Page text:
BURUNDI – The Board of Directors of the African Development Fund approved, on September 17, a donation of US$ 28.9 million to Burundi to carry out the first phase of its Energy Access Project.

The African Development Fund, the Bank Group’s concessional window, will provide funding of US$12.01 million and the Transition Support Facility, a Bank fund intended for countries in transition, US$16.55 million.

“The Bank’s support for the Burundi Energy Access Project is in line with the priorities defined in the Country Strategy Paper and in the Burundi National Development Plan,” said Daniel Ndoye, country manager of the African Development Bank in Burundi. 

“It incorporates the lessons learned by the Bank in the implementation of six other ongoing projects in the energy sector in order to obtain an optimal and sustainable investment for the country.”

The Bank’s grant will help develop access to modern and clean energy services by connecting approximately 40,000 Burundian households to the electricity grid. 

The project will also provide opportunities for 450 businesses, 200 educational institutions and eight health centres to benefit from electricity. 

About 40 markets and 150 places of worship will also have the opportunity to connect to the national electricity grid.

In total, 36 localities spread over eleven provinces of Burundi will be covered by the project, which will achieve more than 26,000 new connections to the network as well as a reinforcement of 60 transformer stations currently overloaded in order to reduce energy losses and undistributed energy, thus enhancing the reliability of the power supply.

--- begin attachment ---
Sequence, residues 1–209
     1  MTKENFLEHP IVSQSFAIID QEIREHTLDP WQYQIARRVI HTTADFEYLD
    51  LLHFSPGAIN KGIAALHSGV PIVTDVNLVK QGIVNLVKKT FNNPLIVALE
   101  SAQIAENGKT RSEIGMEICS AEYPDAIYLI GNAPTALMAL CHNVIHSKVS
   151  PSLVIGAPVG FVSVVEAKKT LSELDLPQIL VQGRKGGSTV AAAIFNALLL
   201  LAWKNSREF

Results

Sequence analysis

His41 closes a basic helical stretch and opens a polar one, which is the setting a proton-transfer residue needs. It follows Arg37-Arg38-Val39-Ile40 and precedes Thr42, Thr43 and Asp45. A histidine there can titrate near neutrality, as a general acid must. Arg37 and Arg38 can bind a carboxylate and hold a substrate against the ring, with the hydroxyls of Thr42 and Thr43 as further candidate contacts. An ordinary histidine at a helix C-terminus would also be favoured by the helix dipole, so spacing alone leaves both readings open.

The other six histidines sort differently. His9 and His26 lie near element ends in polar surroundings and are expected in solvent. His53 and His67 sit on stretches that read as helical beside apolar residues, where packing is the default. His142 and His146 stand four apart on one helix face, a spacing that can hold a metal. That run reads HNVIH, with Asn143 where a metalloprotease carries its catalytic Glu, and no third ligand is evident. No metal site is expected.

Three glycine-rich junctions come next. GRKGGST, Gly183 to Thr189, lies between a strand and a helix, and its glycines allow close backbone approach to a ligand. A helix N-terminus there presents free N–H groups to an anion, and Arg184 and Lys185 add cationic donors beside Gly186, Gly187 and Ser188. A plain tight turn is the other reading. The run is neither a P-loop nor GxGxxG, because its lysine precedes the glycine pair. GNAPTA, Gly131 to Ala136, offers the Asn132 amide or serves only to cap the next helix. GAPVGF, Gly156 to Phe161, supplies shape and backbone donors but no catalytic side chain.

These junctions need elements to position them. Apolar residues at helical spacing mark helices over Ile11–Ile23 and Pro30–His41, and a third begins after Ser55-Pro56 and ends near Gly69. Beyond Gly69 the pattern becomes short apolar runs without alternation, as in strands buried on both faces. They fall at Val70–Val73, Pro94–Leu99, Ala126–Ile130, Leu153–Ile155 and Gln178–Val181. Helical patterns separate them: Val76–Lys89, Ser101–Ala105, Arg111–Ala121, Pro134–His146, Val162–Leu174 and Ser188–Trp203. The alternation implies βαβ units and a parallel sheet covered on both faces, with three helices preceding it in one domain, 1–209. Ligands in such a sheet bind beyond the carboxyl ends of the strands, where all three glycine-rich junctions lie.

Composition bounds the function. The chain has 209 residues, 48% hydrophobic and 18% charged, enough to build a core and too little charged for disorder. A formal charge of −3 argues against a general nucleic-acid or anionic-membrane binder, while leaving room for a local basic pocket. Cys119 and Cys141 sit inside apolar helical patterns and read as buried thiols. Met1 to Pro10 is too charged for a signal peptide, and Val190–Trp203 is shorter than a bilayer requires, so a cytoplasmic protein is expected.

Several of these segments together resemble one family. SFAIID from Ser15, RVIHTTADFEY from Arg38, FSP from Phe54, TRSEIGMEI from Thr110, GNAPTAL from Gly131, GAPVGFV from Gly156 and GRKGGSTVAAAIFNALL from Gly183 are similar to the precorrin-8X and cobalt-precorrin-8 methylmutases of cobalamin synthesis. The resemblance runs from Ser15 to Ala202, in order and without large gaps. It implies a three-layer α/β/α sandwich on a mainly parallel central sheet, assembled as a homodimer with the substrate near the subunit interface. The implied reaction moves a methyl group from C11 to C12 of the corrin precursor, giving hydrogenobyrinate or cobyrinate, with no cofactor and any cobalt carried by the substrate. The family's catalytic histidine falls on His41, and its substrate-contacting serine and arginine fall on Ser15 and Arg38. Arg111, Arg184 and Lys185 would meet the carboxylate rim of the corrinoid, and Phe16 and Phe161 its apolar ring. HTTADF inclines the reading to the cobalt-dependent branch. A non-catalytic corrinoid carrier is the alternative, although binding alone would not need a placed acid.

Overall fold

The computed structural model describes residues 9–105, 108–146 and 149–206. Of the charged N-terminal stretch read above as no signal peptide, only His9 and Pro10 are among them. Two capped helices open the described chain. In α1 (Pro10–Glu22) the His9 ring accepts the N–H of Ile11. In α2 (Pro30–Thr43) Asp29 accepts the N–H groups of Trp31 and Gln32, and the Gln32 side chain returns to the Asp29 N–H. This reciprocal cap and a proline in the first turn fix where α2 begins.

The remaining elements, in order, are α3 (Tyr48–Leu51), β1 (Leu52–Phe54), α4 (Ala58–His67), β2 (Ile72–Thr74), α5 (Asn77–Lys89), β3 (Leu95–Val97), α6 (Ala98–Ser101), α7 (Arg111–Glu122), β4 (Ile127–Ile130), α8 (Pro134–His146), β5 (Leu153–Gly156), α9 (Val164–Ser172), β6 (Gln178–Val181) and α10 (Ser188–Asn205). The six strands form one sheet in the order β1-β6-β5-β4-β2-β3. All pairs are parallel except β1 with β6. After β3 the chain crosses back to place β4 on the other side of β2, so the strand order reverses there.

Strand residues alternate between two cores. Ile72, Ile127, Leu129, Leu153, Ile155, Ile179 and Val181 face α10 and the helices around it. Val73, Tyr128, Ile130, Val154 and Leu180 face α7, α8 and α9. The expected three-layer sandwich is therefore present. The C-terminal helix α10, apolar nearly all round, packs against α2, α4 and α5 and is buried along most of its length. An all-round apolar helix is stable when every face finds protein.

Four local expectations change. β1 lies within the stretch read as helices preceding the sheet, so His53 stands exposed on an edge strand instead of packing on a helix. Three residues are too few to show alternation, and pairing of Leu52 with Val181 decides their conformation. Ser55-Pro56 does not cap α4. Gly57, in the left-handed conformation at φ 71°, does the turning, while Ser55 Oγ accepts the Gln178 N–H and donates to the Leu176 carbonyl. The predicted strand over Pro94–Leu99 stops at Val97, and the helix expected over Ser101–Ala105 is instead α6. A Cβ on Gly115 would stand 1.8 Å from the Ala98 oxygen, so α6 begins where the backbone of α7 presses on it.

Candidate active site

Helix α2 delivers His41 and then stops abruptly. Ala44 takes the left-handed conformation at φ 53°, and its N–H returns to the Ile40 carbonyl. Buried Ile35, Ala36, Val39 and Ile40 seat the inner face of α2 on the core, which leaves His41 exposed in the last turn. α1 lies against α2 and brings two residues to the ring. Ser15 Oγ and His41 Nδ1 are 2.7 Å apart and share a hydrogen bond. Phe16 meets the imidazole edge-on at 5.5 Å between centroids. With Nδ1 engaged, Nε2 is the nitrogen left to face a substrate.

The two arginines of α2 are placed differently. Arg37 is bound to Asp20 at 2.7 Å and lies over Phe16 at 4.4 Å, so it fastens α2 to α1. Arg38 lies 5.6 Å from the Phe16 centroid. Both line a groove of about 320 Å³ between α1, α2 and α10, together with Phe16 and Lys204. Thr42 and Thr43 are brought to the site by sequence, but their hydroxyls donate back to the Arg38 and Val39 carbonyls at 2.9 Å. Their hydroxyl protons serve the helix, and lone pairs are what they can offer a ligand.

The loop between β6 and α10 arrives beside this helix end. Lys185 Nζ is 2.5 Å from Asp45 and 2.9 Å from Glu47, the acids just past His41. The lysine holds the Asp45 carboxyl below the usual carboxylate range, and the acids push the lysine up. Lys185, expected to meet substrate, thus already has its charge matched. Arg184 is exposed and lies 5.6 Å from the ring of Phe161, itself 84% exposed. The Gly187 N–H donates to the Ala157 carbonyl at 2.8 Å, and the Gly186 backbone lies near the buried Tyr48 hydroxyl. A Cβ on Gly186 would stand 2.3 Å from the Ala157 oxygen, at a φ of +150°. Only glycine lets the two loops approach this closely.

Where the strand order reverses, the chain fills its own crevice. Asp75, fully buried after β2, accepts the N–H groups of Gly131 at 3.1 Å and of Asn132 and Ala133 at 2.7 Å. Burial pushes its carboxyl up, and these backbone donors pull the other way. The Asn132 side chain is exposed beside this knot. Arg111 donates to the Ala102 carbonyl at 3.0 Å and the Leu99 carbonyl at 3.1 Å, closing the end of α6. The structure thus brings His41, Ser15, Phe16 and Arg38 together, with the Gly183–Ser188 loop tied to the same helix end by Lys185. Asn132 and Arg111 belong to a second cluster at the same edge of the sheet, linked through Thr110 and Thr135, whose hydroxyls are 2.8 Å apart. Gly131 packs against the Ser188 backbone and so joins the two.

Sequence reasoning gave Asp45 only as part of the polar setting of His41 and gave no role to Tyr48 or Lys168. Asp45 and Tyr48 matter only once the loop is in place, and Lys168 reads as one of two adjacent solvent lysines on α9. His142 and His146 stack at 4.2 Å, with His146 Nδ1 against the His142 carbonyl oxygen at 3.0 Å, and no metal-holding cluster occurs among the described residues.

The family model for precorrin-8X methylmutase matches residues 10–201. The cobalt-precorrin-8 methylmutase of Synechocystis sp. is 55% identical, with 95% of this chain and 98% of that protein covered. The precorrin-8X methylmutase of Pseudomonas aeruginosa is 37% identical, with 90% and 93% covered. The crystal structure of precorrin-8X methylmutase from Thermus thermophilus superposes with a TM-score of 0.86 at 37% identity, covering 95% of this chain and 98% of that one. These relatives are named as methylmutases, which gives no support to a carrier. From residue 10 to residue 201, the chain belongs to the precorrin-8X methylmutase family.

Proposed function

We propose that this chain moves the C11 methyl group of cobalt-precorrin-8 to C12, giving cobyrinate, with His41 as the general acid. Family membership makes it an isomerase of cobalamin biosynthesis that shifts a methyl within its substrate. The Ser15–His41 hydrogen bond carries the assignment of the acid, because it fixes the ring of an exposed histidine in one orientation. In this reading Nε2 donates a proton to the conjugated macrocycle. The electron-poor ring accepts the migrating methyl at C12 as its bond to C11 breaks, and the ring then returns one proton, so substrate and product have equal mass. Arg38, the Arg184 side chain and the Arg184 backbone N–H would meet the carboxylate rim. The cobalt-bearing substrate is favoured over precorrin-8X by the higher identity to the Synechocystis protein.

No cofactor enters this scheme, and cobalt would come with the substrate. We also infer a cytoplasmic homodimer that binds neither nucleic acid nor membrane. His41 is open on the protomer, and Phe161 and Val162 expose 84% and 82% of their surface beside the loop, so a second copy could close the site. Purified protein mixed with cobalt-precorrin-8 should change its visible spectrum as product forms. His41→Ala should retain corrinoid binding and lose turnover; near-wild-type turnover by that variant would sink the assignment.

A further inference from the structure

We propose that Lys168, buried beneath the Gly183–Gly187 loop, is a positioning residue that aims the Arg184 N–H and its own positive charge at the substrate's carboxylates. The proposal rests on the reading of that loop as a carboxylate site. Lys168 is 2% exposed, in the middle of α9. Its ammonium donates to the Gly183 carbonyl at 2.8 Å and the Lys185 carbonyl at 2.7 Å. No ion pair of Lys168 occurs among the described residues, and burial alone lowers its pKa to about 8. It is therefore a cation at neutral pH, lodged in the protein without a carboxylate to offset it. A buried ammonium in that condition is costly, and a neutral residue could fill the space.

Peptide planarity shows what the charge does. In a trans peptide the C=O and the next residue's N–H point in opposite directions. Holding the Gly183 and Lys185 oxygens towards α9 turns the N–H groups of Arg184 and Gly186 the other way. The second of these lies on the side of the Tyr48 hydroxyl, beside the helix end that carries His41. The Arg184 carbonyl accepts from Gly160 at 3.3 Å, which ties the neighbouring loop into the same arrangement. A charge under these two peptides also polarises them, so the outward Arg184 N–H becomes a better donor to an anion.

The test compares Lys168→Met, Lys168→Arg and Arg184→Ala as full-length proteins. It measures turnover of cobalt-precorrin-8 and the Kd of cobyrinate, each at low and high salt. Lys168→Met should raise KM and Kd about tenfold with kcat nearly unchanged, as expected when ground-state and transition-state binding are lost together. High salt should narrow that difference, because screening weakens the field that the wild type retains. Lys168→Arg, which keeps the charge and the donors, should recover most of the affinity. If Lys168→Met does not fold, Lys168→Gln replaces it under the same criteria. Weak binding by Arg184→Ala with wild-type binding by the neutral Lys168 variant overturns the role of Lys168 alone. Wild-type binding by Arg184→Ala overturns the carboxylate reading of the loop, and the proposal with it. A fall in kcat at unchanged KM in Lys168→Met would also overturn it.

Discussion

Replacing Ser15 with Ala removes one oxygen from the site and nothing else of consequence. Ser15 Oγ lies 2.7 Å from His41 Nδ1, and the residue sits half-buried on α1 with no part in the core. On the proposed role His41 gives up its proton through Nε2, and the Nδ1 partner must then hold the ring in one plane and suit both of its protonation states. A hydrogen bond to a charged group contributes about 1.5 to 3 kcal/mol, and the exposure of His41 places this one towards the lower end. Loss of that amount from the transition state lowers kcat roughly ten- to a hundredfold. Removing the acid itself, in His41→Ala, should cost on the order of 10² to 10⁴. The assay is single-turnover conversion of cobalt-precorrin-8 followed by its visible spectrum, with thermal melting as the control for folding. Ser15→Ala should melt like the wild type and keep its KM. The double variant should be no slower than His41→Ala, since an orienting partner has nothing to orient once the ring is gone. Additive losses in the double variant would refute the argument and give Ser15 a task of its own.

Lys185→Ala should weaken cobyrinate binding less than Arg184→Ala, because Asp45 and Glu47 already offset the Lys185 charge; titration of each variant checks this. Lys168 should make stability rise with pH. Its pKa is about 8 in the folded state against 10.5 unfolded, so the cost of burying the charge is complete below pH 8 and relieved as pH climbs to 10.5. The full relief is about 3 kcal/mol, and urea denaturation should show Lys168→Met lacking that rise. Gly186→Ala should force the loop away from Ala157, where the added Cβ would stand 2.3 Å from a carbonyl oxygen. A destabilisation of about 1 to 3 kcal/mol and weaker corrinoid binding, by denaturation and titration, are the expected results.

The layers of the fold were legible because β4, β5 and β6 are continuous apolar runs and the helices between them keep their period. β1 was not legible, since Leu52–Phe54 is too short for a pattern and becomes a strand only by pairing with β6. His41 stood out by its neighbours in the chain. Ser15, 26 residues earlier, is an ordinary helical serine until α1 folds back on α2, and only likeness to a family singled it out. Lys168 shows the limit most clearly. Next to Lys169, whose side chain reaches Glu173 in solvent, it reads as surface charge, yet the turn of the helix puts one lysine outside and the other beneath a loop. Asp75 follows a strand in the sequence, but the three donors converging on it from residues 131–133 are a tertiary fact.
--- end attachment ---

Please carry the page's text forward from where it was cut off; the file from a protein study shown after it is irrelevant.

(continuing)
The implementation of the Access to Energy Project will make it possible to reinforce the safety of the populations thanks to public lighting and will also stimulate the development of income-generating activities thanks to the availability of electric energy. 

Some 150 direct jobs, 20% of which will be reserved for women, will be created during the implementation phase of the project.

The project is part of the strategy of the New Pact for Energy in Africa promoted by the African Development Bank Group, which aims for universal access to energy for the populations of the African continent.

The project is aligned with two of the Bank’s five operational priorities, the “High 5s”: “light up Africa and supply it with energy” and “improve the quality of life of people in Africa” and it is also aligned with the Bank’s Action Plan on Climate Change due to the use of energy, nearly 77% of which is of renewable origin.


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